WASHINGTON — Some consumer advocates complain that a new advisory panel for the Transportation Department ignored important proposals to protect airline passengers from abuse in its first year of work.
“The recommendations that our group and others made weren’t even rejected; they were just ignored,” says Paul Hudson, executive director of the Aviation Consumer Action Project.
Hudson argues that the panel — the Advisory Committee for Aviation Consumer Protection, which was set up to recommend to Transportation Secretary Ray LaHood new consumer rules — failed to consider issues such as:
Requiring airlines to compensate passengers if their flights are canceled or drastically delayed, as the European Union requires. Airlines departing from an EU country must pay passengers up to about $780 to cover meals and hotels if their flights are canceled or delayed at least three hours, unless “extraordinary circumstances” such as extreme weather prompt the delays.
The EU regulation applies to all airlines, including U.S. carriers, that take off from one of its nation’s airports and to European carriers that fly across the Atlantic from the USA. U.S. airlines aren’t required to pay for flights that originate on this side of the ocean.
Providing passengers with greater compensation for about 40,000 bags that Hudson says the airlines lose that aren’t reclaimed each year. Those bags are sold at auction, and Hudson says money from the sales should be used to help compensate passengers.
Passengers now can get up to $3,300 if their bags are lost on a domestic flight under new regulations adopted last year. The airlines may require passengers to provide proof for claimed losses, however.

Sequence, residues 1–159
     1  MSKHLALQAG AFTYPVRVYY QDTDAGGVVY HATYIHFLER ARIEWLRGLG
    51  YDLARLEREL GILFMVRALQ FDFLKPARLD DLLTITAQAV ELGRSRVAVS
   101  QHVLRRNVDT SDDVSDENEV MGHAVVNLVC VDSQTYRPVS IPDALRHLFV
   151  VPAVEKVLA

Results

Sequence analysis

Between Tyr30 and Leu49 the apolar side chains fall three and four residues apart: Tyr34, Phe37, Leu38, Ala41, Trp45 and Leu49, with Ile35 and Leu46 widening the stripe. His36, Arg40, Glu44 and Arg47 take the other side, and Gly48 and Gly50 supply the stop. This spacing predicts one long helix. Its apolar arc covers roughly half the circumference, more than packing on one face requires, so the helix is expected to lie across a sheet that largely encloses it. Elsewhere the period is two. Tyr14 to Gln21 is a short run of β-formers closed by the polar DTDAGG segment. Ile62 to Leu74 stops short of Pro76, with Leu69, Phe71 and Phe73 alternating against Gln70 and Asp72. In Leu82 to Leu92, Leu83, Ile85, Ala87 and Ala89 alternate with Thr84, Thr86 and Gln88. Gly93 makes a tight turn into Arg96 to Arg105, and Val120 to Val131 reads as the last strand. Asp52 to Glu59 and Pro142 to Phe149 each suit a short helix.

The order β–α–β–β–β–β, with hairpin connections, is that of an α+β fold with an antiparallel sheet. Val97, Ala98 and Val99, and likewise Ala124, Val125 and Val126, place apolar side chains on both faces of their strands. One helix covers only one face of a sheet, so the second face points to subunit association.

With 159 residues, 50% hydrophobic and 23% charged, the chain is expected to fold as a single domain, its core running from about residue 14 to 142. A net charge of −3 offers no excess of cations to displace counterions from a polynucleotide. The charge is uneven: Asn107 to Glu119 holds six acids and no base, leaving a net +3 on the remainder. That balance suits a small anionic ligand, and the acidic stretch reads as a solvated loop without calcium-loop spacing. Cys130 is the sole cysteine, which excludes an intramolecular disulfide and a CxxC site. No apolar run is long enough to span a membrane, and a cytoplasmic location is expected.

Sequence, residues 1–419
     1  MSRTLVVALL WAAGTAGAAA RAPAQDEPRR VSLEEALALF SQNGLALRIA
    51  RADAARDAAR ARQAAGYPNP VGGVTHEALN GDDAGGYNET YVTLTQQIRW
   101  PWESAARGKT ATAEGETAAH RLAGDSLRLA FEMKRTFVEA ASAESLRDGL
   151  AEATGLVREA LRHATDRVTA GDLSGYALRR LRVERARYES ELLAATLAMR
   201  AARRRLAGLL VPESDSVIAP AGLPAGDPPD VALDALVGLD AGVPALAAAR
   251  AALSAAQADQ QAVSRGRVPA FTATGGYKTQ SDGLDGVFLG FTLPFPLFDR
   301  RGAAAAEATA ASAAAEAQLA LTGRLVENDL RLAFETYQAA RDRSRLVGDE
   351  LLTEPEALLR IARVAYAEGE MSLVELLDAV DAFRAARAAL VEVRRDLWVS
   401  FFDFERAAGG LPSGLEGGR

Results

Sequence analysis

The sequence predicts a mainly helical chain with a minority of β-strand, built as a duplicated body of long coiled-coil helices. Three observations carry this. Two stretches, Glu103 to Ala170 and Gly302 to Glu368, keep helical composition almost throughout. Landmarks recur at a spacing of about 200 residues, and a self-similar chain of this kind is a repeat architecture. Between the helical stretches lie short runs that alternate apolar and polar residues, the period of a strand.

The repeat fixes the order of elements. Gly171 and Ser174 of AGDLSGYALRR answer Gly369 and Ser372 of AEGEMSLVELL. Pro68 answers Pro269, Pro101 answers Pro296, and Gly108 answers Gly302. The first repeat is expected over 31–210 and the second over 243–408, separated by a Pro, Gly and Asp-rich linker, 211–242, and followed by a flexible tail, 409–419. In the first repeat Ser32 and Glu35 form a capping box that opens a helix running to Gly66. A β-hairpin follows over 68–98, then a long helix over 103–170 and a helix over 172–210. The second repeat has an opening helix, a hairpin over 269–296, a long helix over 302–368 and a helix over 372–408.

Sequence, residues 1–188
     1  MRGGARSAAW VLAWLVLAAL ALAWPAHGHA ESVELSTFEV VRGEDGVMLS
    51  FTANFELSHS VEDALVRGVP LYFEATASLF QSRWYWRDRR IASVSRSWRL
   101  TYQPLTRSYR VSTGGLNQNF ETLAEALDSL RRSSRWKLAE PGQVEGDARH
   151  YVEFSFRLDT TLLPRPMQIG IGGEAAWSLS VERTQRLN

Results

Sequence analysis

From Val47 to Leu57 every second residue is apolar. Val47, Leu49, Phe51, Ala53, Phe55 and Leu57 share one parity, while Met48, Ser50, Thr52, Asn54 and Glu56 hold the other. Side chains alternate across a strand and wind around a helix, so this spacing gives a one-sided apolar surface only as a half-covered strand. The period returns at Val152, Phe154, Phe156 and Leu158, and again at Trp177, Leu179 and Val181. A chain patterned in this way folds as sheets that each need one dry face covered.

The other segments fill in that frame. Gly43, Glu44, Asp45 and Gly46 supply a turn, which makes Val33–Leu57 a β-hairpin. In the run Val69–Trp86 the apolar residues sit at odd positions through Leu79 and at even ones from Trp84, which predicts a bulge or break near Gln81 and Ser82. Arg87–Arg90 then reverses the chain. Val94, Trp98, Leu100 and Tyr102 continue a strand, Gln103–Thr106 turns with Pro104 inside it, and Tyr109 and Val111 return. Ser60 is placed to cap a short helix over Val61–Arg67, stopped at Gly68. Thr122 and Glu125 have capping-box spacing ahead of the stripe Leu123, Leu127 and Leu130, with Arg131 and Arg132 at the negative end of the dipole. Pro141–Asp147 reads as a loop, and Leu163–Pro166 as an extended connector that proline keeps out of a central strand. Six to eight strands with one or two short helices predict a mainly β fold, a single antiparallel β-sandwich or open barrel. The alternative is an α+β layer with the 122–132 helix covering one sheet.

Establishing a system of arbitration between passengers and airlines about grievances and claims. Right now, the hurdles are high for passengers to successfully sue the airlines.
But one consumer member of the transportation advisory committee, Charlie Leocha, director of the Consumer Travel Alliance, dismissed the complaints, saying “everybody huffs and puffs.”
What the committee did recommend to LaHood was “really quite important,” Leocha says.
In its report to LaHood in October, the committee recommended that airlines make their contracts of carriage, the long-worded contracts that fliers essentially agree to when they buy tickets, more understandable.
It also urged the Transportation Department to give more detailed responses to travelers who complain about airlines. And it suggested airports create relief areas for service animals of the disabled.
The most hotly contested issue is whether airlines should be forced to include bag fees and seat assignments in the price when tickets are sold through online travel agents so consumers can compare them. Airlines are expected to oppose the rule if it forces them to provide competitive information to comparison sites, which then charge consumers for it.
“We think the reasoning is flawed for what it will produce,” says Nicholas Calio, president of the industry group Airlines for America. “The more cost you load onto consumers, the less they are going to fly.”
The Transportation Department already requires airlines to disclose potential fees on their own websites, and ticket agents must refer passengers to up-to-date bag-fee information and taxes in any advertised price, says department spokesman Justin Nisly. The pending rule expected in early 2013 could require optional fees be displayed at all points of sale, he says.
Bart Jansen writes for USA TODAY.